The combination of customer-level targeting and personalization, the ever-growing flood of data and use cases for its activation, and the increased focus on privacy and consumer control are critical factors in making every marketer’s job more complicated — but also more impactful. As a result, marketers are asking new questions about the performance of their marketing investments and trying to extract insight from an array of tools, platforms, and partners.
More and more marketers are recognizing the importance of taking a holistic and value-driven approach to measurement. Focusing on consumers and their needs increases the opportunity to grow sales and enhance customer performance, but it also demands deeper integration across teams and disciplines. The people who lead and staff those teams will need to be comfortable in cross-functional efforts, blending consumer insights, performance data, and marketing strategy to develop integrated plans across marketing, media, and measurement.
In the short-term, marketers are likely to experience some frustration and challenges in activating on the insights offered by advanced marketing measurement. To bridge the gap, many will turn to external tools and partners who are familiar with the application of advanced measurement to media strategy, testing, and executions. This strategy will not yield long-term wins, as the organization’s technology stack will quickly outpace their operating model.
In the longer-term, we expect a more fluid and diverse approach to career pathing, training, and development within marketing organizations. The most successful marketers will intentionally seek out a range of experiences that allows them to increase their understanding of the art and the science behind an effective marketing plan.
As an example, many companies are creating Centers of Excellence (COEs) for Marketing Analytics. The purpose of such a COE is to centralize the knowledge and expertise that uses data and insights to inform marketing decision-making. Instead of housing these resources within individual marketing channels or sales channels (e.g., eCommerce, Stores), a COE model supports a holistic, consumer-centric approach. For example, one of our clients, a large technology company, introduced a Digital Marketing COE with leads representing various marketing channels, in addition to a lead for Measurement and Analytics. These leads connect with internal stakeholders, external partners, and industry thought leaders to develop recommendations and best practices for their respective areas. Each Product Marketing team can then tap into the relevant lead’s expertise as they develop their own marketing and media strategy, inclusive of measurement and optimization.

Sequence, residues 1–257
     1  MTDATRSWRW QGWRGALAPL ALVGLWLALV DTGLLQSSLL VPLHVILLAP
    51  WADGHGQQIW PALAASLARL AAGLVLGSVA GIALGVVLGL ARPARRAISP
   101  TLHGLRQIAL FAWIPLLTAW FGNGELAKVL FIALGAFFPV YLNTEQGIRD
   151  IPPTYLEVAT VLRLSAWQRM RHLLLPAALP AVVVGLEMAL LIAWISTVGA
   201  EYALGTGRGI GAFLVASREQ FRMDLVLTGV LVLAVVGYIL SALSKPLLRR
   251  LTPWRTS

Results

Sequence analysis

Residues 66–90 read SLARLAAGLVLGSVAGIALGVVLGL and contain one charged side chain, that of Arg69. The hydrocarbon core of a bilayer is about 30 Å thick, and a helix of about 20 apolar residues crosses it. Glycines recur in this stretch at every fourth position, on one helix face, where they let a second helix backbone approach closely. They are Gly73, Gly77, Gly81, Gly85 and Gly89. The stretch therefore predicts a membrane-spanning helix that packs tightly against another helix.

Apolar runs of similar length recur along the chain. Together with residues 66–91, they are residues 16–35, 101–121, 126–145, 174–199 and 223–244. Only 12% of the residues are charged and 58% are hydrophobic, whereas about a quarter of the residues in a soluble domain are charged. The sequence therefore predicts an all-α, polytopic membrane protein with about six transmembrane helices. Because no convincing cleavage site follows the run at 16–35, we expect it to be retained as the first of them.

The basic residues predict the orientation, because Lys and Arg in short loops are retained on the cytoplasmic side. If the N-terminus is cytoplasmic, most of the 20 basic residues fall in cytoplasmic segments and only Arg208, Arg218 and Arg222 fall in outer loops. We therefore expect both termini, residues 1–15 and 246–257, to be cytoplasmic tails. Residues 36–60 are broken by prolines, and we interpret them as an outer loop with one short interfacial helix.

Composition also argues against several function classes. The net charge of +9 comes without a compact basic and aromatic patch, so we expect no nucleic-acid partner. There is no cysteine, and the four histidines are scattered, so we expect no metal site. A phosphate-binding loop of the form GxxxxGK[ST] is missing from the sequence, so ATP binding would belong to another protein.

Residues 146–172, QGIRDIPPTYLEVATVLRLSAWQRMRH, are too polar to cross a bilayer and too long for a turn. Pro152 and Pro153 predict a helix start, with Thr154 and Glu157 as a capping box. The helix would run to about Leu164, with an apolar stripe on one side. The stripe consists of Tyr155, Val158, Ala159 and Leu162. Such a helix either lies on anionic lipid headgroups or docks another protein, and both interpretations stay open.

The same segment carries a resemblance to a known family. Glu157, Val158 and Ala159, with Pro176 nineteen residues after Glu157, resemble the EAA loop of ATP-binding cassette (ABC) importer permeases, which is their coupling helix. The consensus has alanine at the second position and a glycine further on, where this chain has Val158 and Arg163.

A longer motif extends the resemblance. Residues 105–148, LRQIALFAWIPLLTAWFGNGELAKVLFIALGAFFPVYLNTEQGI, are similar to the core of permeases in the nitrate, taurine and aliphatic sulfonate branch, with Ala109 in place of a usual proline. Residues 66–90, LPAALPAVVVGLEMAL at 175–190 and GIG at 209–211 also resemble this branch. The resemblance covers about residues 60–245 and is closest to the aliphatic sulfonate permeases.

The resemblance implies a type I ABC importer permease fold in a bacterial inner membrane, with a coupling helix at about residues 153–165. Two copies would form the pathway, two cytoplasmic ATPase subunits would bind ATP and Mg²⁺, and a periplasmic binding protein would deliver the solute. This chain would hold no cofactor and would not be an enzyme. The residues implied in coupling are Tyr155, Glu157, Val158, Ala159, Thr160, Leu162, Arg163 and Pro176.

Meaningful organizational change will be required to enable these teams, including:
- Reorganizing skill sets to bring data management/IT, analytics, creative, site, and marketing closer together, including in Center of Excellence (COE) models
- Evolving KPIs to account for the full breadth of marketing’s impact.
- Exploring potential partners who speak marketing, data, and consumer fluently and can translate across those domains for internal teams
- Building new career paths and training & development experiences to support the development of well-rounded marketers, including deeper immersion in data and analytics
It’s easy to become overwhelmed by all of the considerations involved in moving to a more advanced approach to marketing measurement. To get started, the most effective marketers start by asking where value is created in their business and set their priorities based on their ability to move the needle in those areas. Steady progress and a solid plan are the keys to driving impact over time.